Black Lives Matter Students Shut Down ACLU Event, Argue ‘Liberalism Is White Supremacy’

A Black Lives Matter Activist group at The College of William & Mary shut down an ACLU Free Speech event on the basis that “liberalism is white supremacy.”

The Black Lives Matter group at the College of William & Mary derailed a campus event hosted by the ACLU. The event, which was titled “Students and the First Amendment,” was a lecture being offered by ACLU staffer and W&M alumna Claire Gastañaga.

The student group live-streamed their protest effort on Facebook. The video shows the students storming the stage shortly after the lecture began. For nearly 20 minutes, the students chanted, drowning out the speaker. “ACLU, you protect Hitler, too,” “the oppressed are not impressed,” and “shame, shame, shame, shame” were amongst the chants used by the protesters. In addition, they chanted “the revolution will not uphold the Constitution,” and “Liberalism is white supremacy.”

The protest was supposedly a statement against the ACLU’s decision to defend the Charlottesville rally that took place on the University of Virginia’s campus in August. After the chanting went on for almost 20 minutes, the event’s organizers pulled the plug on the lecture.

William & Mary released a statement on the event’s derailment. The statement argues that “silencing certain voices in order to advance the cause of others is not acceptable” because it “stifles debate.”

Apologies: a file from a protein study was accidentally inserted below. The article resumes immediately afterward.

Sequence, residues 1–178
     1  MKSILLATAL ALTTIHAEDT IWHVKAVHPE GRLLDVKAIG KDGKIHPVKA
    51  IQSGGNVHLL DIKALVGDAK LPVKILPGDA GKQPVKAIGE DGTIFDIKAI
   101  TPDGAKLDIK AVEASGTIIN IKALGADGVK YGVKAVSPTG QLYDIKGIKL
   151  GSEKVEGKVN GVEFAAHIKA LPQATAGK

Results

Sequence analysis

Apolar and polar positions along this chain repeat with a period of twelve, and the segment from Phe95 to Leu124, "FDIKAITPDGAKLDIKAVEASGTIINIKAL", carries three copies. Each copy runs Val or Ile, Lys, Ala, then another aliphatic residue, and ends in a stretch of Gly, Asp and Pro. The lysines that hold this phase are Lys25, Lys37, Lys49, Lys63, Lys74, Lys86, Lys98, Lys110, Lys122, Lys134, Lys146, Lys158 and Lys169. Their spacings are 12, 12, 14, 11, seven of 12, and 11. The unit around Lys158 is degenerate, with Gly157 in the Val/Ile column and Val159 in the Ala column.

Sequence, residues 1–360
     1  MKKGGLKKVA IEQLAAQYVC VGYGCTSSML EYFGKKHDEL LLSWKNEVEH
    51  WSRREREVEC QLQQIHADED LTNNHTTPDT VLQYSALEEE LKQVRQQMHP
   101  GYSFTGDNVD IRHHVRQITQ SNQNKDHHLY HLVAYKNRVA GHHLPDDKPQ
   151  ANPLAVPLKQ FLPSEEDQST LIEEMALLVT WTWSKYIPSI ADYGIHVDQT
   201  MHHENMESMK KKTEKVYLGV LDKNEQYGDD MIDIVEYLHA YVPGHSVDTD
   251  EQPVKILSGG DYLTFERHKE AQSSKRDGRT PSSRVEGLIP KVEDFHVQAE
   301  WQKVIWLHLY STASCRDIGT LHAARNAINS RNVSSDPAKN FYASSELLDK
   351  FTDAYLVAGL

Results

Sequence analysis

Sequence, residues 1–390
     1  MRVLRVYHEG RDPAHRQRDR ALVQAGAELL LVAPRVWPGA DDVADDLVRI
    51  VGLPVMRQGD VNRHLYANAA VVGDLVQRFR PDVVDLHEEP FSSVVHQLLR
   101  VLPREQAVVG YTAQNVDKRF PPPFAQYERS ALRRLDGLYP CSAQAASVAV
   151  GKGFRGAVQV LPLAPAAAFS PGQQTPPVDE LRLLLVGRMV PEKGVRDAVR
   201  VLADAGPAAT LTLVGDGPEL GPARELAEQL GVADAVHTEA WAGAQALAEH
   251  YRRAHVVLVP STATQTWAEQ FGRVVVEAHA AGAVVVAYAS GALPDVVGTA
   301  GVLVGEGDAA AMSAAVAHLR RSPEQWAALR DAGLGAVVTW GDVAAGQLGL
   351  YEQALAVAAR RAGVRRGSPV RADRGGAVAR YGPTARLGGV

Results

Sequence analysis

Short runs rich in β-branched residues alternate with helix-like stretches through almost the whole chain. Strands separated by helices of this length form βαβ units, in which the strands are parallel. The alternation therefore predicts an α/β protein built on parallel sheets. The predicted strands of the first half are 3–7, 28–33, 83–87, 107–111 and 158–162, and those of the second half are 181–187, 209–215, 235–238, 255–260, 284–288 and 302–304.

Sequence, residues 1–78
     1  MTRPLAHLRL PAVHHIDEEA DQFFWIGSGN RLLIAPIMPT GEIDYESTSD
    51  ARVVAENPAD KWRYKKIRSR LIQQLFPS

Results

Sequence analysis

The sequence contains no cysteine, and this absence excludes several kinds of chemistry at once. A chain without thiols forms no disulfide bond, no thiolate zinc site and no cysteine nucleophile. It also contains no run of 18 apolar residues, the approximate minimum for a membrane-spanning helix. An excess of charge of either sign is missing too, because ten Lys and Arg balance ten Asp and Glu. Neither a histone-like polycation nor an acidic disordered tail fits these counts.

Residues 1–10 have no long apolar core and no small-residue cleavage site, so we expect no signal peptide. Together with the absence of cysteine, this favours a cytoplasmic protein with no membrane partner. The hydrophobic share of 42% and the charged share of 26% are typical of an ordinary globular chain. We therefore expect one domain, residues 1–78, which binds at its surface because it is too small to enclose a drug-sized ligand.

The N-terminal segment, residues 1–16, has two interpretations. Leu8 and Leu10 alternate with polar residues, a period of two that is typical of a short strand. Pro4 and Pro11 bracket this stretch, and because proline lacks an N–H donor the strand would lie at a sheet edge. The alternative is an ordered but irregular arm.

William & Mary has a powerful commitment to the free play of ideas. We have a campus where respectful dialogue, especially in disagreement, is encouraged so that we can listen and learn from views that differ from our own, so that we can freely express our own views, and so that debate can occur. Unfortunately, that type of exchange was unable to take place Wednesday night when an event to discuss a very important matter – the meaning of the First Amendment — could not be held as planned. …

Silencing certain voices in order to advance the cause of others is not acceptable in our community. This stifles debate and prevents those who’ve come to hear a speaker, our students in particular, from asking questions, often hard questions, and from engaging in debate where the strength of ideas, not the power of shouting, is the currency. William & Mary must be a campus that welcomes difficult conversations, honest debate and civil dialogue.

 


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